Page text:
Many of those teams weren’t laughing by the end of the tournament after getting handed their comeuppance from those unknowns.

To a man, the players on those teams would point to Jimmy as the reason why they pulled off the shockers they did.

He was a firm believer in teaching fundamentals, instilled mental toughness in his squads and made sure every single team member believed they were just as good and even better than the guys across the field from them.

But his brilliance didn’t end when his managerial days were mostly behind him.

He moved from the dugout to behind the plate and onto the basepaths to become a highly-proficient and much-respected member of the umpire fraternity.

Week after week, spring, summer and fall, men’s and women’s games, it didn’t matter. From May through September, on any given night, at some ballpark somewhere in the district, you could guarantee Jimmy would be behind the plate or between the bases, barking out his calls with passion in his heart, gravel in his voice and a glint in his eye.

Sometimes that glint would be of the gleeful variety that needs to come with the territory when there’s an undeniable certainty that almost every ball and strike and safe and out call in every game is going to please one side and displease the other.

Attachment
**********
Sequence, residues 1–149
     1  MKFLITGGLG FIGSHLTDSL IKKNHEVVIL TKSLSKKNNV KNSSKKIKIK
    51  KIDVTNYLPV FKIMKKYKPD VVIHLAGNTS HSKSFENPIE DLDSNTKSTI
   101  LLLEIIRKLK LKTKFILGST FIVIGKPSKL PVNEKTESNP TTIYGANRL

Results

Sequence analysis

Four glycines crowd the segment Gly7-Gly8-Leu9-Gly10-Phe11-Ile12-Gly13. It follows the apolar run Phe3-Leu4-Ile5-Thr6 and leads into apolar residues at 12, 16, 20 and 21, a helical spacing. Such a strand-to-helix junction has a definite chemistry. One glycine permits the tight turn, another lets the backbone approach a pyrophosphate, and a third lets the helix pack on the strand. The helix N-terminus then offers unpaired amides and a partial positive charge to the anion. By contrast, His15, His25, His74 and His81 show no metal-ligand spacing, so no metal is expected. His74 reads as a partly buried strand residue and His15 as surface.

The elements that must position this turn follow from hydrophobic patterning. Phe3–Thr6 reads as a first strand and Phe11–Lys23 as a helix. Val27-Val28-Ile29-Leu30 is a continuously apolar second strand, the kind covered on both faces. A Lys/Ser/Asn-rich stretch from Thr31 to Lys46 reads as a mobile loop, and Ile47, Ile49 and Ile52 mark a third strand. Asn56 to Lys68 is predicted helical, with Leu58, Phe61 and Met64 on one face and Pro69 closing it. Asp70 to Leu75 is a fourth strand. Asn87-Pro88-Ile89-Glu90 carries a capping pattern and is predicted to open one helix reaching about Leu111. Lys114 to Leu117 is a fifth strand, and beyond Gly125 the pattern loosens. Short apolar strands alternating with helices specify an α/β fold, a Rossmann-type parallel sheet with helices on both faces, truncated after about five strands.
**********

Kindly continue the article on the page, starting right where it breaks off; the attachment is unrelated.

And sometimes, that glint would be carved from steel and forged from fire.

I still remember Jimmy telling me about the long-ago tournament where he was working the plate and the catcher from one team, in a disagreeable mood with Jimmy’s interpretation of the strike zone that day, ‘missed’ a fastball from his pitcher that caught Jimmy flush in his facemask.

“I called time, gathered myself and then hunched right down behind the catcher and told him what was going to happen to him if that happened again,” recalled Jimmy with a devilish grin. 

“He got the message. He didn’t miss any more pitches.”

That was one of a hundred stories I got to hear while riding shotgun with Jimmy to league games and tournaments around the district, first as a reporter and then as a fellow umpire. 

It was Jimmy who encouraged me to don the umpire shirt again after 11 years removed from officiating women’s fastball games back in Manitoba.